There comes a day in a girl’s life when she needs to choose the photo that’s going on the jacket of her first novel.
For those of you who would be very blasé about this, please could you humour me here? I’m not a fan of seeing myself in photographs *at all*, in fact it’s usually my behind the camera taking pictures of my beautiful kids, so there aren’t even that many these days.
Here are some pictures I’ve been happy to put online on my Twitter profile and so on, and for my author picture in the Bristol Prize Anthology.
Two of these photos are just webcam pictures from my computer, and the third was taken by a photographer friend as I emerged from a 120 hour working week and could hardly keep my eyes open.
None of them, for me, deserve to sit on a lovely book jacket on a novel I loved into life. So I decided to spend part of my advance on a proper, grown up author photo. I called a proper, grown up photographer…
“What do you want, by way of a photo?” She asked.
“I want it to look like me, only better,” I said. “I want it to say ‘friendly’, but also ‘wise’. I need to to make my eyes look bigger and my face less fat, but I don’t want you to retouch it to do that. Is that OK?”
“I think you should just relax,” said Debbie.
I didn’t really relax. I went into a big and very silly panic about hair and makeup and outfits. And all the while I was wishing I was a male novelist, who could just grow a day’s stubble, put on a leather jacket and lean against a wall.
But since I’m not, I went MAC instead, for a make-over with the lovely Benjamin (artist, illustrator and fan of English literature). If you ever want to be made to feel fabulous and not at all self-conscious, I fully recommend it. It costs £25, but you can then choose cosmetics to the value of £25 when you leave. What’s not to like about that? Benjamin put a good hour into buffing me up to be camera ready. I must have needed it!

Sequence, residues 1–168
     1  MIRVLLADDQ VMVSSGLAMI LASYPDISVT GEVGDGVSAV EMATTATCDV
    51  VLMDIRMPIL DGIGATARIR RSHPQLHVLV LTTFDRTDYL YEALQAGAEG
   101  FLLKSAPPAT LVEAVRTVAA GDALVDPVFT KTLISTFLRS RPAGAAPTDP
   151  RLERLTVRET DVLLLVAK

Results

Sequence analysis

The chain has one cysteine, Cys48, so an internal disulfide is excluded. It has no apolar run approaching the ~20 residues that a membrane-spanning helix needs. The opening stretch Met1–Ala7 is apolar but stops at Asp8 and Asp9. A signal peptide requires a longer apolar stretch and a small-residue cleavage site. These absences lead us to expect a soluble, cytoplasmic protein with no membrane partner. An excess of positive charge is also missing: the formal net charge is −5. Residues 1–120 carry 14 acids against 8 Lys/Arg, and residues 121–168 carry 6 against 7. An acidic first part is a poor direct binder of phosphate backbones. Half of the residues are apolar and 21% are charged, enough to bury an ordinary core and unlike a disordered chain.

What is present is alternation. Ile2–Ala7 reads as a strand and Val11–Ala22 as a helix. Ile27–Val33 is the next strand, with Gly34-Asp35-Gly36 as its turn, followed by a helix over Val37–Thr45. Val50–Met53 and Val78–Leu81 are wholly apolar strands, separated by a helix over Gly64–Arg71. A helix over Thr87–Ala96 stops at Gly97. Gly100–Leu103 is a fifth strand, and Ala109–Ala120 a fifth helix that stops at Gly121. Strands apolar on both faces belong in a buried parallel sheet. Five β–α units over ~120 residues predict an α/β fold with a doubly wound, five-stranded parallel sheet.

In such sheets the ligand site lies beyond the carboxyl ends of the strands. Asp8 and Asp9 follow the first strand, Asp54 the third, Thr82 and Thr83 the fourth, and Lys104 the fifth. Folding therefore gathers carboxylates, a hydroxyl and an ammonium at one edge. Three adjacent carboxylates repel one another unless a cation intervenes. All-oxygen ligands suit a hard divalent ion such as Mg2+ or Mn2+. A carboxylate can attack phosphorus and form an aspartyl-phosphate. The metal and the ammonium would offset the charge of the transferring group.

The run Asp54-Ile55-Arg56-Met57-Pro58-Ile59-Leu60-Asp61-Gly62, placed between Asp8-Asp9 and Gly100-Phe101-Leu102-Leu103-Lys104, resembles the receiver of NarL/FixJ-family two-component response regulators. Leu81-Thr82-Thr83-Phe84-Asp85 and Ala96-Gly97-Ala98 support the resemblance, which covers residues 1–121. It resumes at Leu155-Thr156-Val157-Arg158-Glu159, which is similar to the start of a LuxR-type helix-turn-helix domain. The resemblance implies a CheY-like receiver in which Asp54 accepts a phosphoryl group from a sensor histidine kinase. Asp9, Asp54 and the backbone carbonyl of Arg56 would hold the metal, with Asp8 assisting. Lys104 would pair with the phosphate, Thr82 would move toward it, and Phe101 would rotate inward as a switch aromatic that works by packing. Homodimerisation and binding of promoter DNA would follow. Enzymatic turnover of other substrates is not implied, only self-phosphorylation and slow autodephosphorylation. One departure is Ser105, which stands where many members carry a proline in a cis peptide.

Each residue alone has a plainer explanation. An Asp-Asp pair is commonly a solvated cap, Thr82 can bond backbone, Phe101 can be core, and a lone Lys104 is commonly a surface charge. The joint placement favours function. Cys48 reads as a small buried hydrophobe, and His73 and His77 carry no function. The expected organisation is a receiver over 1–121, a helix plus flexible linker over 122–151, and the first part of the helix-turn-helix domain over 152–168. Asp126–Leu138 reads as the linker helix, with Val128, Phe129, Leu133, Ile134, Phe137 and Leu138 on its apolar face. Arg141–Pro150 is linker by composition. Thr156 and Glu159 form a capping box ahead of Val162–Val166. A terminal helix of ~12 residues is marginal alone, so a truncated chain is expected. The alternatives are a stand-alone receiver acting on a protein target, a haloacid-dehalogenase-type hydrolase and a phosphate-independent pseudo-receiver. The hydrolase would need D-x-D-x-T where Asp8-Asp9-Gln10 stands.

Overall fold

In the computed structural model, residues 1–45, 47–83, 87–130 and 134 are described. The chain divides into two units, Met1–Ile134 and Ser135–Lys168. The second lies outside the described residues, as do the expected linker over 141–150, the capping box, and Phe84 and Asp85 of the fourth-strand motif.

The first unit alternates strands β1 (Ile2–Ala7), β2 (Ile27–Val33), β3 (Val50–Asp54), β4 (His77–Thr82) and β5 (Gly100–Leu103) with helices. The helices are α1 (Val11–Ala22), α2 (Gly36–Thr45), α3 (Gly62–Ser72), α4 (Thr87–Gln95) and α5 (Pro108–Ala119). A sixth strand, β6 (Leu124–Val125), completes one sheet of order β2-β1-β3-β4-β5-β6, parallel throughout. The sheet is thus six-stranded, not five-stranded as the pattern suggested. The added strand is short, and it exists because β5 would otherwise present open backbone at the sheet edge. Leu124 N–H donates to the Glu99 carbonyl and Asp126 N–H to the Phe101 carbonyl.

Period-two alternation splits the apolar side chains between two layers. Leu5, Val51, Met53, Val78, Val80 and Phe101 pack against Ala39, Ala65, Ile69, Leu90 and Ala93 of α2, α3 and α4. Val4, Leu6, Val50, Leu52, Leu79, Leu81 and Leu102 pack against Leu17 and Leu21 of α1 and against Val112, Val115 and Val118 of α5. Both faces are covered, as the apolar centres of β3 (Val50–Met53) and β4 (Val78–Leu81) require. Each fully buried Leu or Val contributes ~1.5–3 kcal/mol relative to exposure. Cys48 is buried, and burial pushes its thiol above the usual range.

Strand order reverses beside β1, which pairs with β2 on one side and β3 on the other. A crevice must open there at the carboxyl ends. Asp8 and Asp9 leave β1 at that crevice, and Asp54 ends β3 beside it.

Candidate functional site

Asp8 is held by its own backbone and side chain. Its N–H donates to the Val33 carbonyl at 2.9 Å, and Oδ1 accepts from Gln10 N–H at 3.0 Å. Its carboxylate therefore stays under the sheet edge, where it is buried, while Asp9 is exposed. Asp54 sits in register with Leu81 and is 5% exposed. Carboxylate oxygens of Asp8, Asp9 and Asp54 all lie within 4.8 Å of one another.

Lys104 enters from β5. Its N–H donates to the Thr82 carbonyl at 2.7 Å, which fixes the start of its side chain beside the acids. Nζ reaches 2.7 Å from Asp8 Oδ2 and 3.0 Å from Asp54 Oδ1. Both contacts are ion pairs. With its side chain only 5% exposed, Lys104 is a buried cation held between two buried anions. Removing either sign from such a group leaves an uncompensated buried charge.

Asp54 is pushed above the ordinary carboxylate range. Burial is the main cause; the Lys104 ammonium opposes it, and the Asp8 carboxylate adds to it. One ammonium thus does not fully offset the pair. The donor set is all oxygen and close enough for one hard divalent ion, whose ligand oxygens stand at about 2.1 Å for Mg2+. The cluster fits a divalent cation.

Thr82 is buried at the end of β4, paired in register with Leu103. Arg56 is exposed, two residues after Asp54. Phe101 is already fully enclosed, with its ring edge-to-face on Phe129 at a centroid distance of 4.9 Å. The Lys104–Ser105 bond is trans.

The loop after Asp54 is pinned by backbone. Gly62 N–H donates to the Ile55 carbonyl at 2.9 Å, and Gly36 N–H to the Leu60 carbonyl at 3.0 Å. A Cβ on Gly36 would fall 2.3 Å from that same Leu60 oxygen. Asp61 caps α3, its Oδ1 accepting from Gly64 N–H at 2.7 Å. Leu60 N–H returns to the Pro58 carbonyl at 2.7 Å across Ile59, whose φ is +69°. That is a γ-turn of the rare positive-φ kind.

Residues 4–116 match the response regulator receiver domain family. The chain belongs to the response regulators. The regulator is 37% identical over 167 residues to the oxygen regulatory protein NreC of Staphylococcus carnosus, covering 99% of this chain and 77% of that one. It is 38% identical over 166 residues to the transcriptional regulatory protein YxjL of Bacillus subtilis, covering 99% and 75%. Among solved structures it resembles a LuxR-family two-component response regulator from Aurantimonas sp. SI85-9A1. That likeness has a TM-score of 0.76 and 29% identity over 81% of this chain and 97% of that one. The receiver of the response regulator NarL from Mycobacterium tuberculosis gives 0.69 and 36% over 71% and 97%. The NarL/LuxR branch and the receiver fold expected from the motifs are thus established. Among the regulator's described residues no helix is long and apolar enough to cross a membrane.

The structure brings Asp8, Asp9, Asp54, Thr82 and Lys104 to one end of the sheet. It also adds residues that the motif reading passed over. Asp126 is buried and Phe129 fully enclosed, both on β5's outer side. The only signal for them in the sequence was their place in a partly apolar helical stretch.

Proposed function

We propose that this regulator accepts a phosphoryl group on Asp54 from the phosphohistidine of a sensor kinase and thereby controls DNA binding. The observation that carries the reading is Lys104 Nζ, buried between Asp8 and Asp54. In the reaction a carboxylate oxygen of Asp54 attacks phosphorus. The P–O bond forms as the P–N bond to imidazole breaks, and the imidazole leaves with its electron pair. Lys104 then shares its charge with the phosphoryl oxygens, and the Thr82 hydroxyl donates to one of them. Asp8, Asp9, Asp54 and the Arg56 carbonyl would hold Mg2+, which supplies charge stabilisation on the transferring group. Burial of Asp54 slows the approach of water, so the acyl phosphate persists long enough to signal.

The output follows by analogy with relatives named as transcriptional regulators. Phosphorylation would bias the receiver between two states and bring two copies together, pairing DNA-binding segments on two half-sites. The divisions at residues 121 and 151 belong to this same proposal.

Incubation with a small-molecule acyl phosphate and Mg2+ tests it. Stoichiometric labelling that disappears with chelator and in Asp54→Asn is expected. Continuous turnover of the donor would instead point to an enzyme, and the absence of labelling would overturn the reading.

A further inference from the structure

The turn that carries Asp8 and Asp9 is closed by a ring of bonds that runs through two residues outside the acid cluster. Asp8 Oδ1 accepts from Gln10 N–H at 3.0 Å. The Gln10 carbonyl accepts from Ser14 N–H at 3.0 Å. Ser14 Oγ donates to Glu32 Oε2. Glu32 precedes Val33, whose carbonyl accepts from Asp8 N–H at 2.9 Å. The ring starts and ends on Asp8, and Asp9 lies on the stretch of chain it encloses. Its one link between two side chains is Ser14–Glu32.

Next stop, Liverpool Street station to meet with photographer, Debbie Scanlan.
Debbie: “How are you?”
“Don’t be daft. Come on,” she said, “let’s go and get coffee and cakes.” So we go and find a cafe and tuck into treacle tart. We chat as though we’ve known each other years (this is what Debbie does) and then the camera comes out. I freeze up.
“It’s OK,” she said, “I’m just testing the light.”
“The best way to look good on a photo,” she said, is to tilt your chin down slightly, and then look up with your eyes. Try it.”
I do. Click, click, click, click.
Afterwards we went outdoors and sat in a small park, taking more photos, and laughing at passers by, who were clearly thinking I was famous, and also checking out Debbie’s bum as she turned herself into a bendy human tripod. We took more pictures. Lots more, in fact. Here are a couple of those. Plus (by demand) the “Freaky face” one…
So there you have it. Overall it was relatively painless, and Debbie was just lovely. Then just comes the small task of choosing which photo should go on the book.
After discussions with husband, children and best mates, there was an overwhelming concensus as to which was the most ‘Claire’ and the most suitable for a book jacket. Which do you think?